The World Health Organization ACTION-I (Antenatal CorTicosteroids for Improving Outcomes in preterm Newborns) Trial: A multi-country, multi-centre, two-arm, parallel, double-blind, placebo-controlled, individually randomized trial of antenatal corticosteroids for women at risk of imminent birth in the early preterm period in hospitals in low-resource countries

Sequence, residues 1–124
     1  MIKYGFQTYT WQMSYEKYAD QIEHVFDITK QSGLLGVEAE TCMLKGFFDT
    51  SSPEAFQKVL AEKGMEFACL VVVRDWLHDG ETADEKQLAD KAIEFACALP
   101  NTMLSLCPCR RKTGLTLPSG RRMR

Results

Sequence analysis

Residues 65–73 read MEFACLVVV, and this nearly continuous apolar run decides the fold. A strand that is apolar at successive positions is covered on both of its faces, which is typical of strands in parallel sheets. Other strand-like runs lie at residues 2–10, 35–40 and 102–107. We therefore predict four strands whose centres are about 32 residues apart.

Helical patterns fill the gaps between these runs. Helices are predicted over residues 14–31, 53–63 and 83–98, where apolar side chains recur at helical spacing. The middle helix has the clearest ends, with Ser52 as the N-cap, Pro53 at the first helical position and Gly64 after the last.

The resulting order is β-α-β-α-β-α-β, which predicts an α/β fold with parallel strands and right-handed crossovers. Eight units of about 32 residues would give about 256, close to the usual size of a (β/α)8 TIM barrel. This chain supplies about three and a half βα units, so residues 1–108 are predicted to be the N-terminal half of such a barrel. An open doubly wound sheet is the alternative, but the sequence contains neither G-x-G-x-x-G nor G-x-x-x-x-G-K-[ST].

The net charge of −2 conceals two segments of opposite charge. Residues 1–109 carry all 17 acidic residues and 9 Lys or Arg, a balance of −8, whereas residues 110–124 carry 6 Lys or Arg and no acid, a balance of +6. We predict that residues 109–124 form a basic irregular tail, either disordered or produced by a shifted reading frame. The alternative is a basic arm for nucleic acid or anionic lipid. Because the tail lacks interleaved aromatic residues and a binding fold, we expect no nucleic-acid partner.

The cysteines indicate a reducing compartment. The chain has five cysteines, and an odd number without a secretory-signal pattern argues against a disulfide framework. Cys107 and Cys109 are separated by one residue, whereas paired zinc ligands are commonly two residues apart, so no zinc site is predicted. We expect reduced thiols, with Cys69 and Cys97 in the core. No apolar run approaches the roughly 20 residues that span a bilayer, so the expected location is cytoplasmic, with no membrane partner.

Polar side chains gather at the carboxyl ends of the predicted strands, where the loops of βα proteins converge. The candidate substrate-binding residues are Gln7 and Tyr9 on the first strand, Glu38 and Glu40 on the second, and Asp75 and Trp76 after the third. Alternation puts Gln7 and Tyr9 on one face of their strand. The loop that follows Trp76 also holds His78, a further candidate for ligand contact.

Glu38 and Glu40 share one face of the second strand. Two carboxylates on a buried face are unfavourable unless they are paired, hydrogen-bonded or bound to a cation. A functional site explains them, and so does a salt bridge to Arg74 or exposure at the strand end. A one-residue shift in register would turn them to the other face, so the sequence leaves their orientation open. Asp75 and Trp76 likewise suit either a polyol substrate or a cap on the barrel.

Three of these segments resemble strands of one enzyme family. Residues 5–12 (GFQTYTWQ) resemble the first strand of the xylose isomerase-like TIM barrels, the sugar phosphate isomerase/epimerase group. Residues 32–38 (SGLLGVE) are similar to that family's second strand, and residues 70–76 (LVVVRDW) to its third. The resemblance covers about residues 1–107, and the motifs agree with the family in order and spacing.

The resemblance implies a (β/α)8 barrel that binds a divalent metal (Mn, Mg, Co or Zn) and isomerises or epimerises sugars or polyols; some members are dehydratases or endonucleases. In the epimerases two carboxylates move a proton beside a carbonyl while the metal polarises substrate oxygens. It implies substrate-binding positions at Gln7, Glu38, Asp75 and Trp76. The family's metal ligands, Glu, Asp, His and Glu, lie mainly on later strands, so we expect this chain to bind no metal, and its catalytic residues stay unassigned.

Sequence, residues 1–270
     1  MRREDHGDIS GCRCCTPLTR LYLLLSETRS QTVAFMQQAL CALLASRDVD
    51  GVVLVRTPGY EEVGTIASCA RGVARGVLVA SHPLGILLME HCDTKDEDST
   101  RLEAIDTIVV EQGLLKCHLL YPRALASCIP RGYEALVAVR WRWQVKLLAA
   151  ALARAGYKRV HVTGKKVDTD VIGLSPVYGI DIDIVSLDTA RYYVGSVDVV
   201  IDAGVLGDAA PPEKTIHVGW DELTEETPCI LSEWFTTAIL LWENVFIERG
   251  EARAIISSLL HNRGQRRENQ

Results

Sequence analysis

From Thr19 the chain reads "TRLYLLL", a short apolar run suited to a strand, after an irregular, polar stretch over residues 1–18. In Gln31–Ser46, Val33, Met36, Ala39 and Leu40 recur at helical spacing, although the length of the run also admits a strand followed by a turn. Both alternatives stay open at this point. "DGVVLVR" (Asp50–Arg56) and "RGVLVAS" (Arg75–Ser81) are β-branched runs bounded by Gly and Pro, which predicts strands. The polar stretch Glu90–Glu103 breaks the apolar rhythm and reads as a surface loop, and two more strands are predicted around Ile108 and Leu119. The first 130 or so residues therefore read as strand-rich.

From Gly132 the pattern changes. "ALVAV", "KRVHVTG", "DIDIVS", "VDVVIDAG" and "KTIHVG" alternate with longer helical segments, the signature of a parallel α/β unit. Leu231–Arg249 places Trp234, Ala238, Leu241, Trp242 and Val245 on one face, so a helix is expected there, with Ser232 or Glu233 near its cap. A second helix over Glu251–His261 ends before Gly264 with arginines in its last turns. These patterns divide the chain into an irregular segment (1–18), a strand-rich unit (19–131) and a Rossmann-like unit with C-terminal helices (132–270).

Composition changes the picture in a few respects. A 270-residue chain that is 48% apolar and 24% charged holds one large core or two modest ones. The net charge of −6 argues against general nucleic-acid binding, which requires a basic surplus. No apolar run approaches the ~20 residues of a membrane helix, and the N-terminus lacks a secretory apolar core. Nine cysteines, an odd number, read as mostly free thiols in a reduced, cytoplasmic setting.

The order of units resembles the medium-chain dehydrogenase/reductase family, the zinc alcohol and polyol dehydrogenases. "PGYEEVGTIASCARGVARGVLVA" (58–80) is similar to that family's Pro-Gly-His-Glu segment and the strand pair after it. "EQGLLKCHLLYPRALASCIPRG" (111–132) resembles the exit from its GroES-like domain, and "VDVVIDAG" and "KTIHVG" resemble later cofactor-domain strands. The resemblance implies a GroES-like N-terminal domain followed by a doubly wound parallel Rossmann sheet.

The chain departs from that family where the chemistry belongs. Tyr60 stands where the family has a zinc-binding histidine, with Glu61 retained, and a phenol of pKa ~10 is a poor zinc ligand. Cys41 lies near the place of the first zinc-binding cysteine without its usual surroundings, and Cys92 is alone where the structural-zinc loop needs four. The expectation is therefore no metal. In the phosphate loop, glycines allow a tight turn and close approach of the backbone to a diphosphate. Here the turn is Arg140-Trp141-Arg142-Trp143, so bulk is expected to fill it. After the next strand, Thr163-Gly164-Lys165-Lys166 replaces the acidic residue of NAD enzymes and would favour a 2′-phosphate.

Rajiv Bahl, A. Metin Gülmezoglu, My Huong Nguyen, Olufemi T. Oladapo, Gilda Piaggio, Joshua P. Vogel, Abdullah H. Baqui, Mohammod Shahidullah, Shivaprasad Goudar, Ashalata A. Mallapur, Shailaja Bidri, Sujata Misra, John Kinuthia, Zahida Qureshi, Frederick Were, Adejumoke Idowu Ayede, Bukola Fawole, Ebunoluwa A. Adejuyigbe, Oluwafemi Kuti, Shabina AriffLumaan Sheikh, Sajid Soofi, James Neilson, Fernando Althabe, Harish Chellani, Elizabeth Molyneux, Kidza Mugerwa, Khalid Yunis, Liana Campodonico, Guillermo Carroli, Hugo Gamerro, Daniel Giordano, Janna Patterson, Rasheda Khanam, Meagan Harrison, Saleha Begum Chowdhury, Mohammad Abdul Mannan, Begum Nasrin, Salahuddin Ahmed, Nazma Begum, Saima Sultana, Soofia Khatoon, Anjuman Ara, Murshed Ahmed Chowdhury, Probhat Ranjan Dey, Dilip Kumar Bhowmik, Md Abdus Sabur, Mohammad Tarek Azad, Gulshan Ara, Shaheen Akter, Sumia Bari, Md Mojibur Rahman, Farida Yasmin, M. A. Matin, Shahana Ferdous Choudhury, Shivaprasad S. Goudar, Sangappa M. Dhaded, Mrityunjay C. Metgud, Yeshita V. Pujar, Manjunath S. Somannavar, Sunil S. Vernekar, Veena Herekar, Vishwanath L. Machakanur, Shruti S. Andola, Geetanjali M. Katageri, Sumangala Math, Bhuvaneshwari C. Yelamali, Ramesh Pol, Umesh Ramdurg, Shailaja R. Bidri, Sangamesh Mathpati, Preeti Patil, Bhavana B. Lakhkar, M. M. Patil, Muttu R. Gudadinni, Sujata S. Misra, Maya Padhi, Leena B. Das, Lucy Das, Saumya S. Nanda, Madhusmita J. Pradhan, Girija Shankar G. Mohanty, Rasmita S. Nayak, Bipsha S. Singh, Fredrick Were, Alfred Osoti, George Gwako, Ahmed Laving, Hafsa Mohamed, Faiza Nassir, Nayarit Mohamed, Adelaide Barassa, Joachim Ogindo, Bernard Gwer, Waweru Salome, Grace Ochieng, Njoroge John Githua, Bernadine Lusweti, Michael Abiola Okunlola, Olubukola A. Adesina, Adegoke Gbadegesin Falade, Oluwakemi Funmilola Ashubu, Olubunmi Busari, Wilfred Sanni, Aloysius Ebedi, Ejinkeonye I. Kate, Odiah Violet, Hadiza Abdulaziz Idris, Fatima Ali Sallau, Okoli Chinyere Viola, Ekwem Lilian Osaretin, Theresa Azonima Irinyenikan, Omolayo Adebukola Olubosede, Olufemi M. Omololu, Olugbenga Runsewe, Zainab Imam, Adesina Lawrence Akintan, Olorunfemi Oludele Owa, Olabanke Rosena Oluwafemi, Ireti Patricia Eniowo, Adetokunbo Fabamwo, Elizabeth Disu, Ibraheem Olayemi Awowole, Adebanjo Babalola Adeyemi, Akintunde Olusegun Fehintola, Ebunoluwa Aderonke Adejuyigbe, Henry Chineme Anyabolu, Bankole Peter Kuti, Olusola Comfort Famurewa, Adedapo Babatunde Anibaba Ande, Ikechukwu Okonkwo, Aboyeji Abiodun Peter, Mokuolu Olugbenga, Omotayo Adesiyun, Anthony Dennis Isah, Olateju Eyinade Kudirat, Olusanya Abiodun, Olabisi Florence Dedeke, Lawal Oyeneyin, Francis Bola Akinkunmi, Sajid Bashir Soofi, Nida Najimi, Mubarak Ali, Jamal Anwar, Saima Zulfiqar, Sadia Zulfiqar, Raheel Sikander, Shazia Rani, Salma Sheikh, Shazia Memon